The last moments of daylight were disappearing when I arrived in Bath, Maine. I had just enough time to take a quick look at some of the architecture that has helped make Bath famous.
The first building that’s likely to catch your attention is the Bath City Hall. This building is, quite literally, front and center in downtown Bath, thanks to its position at the intersection of Front Street and Centre Street. If you come into downtown on Centre Street, the building’s limestone columns will greet you at the top of the hill.
[tmt_info =””]Bath’s City Hall is officially known as the Davenport Memorial City Hall, in memory of the prominent Davenport Family. Charles and George Davenport (father and son, respectively) were both born at the site now occupied by City Hall, where Benjamin Davenport (Charles’ father) had his home and hat store. Charles was one of the first aldermen of Bath.†[/tmt_info]
[tmt_info =””]In the belfry atop Bath’s City Hall, there’s a two-century-old bell, believed to have been cast by Paul Revere himself. It is only rung occasionally, on holidays like the 4th of July.†[/tmt_info]
A stroll down Bath’s narrow Front Street takes you past storefronts filled with businesses that are still in business. Unfortunately, most of them were closing for the day, just as I arrived in town.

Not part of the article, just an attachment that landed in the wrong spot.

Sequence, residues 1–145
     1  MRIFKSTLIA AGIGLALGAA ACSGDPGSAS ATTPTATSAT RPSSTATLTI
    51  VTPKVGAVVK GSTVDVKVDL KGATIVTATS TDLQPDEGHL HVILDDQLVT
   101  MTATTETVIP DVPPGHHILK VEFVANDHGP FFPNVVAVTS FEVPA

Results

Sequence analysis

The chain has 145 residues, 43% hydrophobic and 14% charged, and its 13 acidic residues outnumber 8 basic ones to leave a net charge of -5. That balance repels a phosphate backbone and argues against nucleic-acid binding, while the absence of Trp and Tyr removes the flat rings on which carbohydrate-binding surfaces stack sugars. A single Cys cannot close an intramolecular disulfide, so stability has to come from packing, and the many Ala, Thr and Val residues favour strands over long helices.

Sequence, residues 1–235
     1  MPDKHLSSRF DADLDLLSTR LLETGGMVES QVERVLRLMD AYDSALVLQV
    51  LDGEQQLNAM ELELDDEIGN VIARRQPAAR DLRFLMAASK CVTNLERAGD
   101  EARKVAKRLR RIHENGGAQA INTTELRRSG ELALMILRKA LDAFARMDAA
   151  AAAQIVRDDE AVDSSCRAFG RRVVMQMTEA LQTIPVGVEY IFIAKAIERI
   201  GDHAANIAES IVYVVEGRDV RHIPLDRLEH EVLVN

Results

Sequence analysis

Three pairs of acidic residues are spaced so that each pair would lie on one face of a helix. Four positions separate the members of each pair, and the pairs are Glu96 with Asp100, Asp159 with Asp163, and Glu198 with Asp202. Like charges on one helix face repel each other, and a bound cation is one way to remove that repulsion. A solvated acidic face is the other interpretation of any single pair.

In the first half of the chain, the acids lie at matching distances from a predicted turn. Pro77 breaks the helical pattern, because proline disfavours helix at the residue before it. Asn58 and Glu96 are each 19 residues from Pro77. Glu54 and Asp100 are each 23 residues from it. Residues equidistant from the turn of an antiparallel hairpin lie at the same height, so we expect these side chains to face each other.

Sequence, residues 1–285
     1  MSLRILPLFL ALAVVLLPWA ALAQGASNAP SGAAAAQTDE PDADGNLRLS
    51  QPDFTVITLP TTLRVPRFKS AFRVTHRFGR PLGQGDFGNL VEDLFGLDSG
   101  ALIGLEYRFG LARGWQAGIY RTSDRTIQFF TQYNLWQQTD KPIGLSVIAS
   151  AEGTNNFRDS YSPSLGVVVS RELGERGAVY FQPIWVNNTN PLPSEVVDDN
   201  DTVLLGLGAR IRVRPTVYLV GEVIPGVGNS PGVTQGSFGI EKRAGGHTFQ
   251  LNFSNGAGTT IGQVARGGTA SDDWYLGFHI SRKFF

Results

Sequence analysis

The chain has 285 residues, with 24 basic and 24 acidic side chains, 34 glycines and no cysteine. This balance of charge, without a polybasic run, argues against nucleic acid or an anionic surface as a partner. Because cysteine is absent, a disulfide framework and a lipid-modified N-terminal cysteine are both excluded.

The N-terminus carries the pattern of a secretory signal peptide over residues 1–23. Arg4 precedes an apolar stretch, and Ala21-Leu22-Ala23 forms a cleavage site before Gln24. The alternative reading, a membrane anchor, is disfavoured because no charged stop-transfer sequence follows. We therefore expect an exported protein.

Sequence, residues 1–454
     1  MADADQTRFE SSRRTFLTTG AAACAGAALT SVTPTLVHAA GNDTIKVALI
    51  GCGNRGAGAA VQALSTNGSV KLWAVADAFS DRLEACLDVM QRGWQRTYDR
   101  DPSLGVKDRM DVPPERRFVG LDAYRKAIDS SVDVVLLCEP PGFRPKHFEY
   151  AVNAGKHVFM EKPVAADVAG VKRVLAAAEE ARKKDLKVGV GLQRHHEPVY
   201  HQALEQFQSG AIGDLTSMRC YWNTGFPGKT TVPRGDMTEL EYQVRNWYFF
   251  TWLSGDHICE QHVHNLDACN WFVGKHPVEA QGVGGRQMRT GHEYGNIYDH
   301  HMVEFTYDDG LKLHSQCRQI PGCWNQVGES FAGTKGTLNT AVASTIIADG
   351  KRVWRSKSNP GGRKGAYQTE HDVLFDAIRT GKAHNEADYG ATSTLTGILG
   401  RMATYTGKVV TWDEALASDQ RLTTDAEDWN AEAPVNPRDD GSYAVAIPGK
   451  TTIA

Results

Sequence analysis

Another stately building in Bath is the Customs House, at the end of Front Street. This building was constructed between 1852 and 1858 to house Bath’s post office, and the Customs Collector who oversaw the port. Now, several businesses are located in the building.
Morris Povich and his son Don ran this clothing store from 1916 to 1994. If the name sounds familiar, there’s a good reason. Maury Povich of TV talk show fame is related to the Poviches of Bath.
Bath’s most prominent feature is its location at the edge of the broad Kennebec River. It’s this location that allowed Bath to flourish as a center for shipbuilding — a rich history that dates back 400 years. The Bath Iron Works is still cranking out ships — and you’ll notice the shipyard’s heavy equipment, on the south side of these bridges.
Speaking of these bridges, the one on the left is the US 1 bridge over the Kennebec River. A railroad bridge is on the right. You can walk down to the water’s edge, and underneath the bridges, with just a short stroll downhill from the center of downtown Bath.
[tmt_info =””]If you want to get to know Bath’s history, your first stop should be at the Maine Maritime Museum. The museum complex is spread out on 25 acres of waterfront property, and includes five shipyard buildings that date back to the 1800’s. Admission is $12 for adults, $9 for children (as of 2010). Check out this website for updated information.[/tmt_info]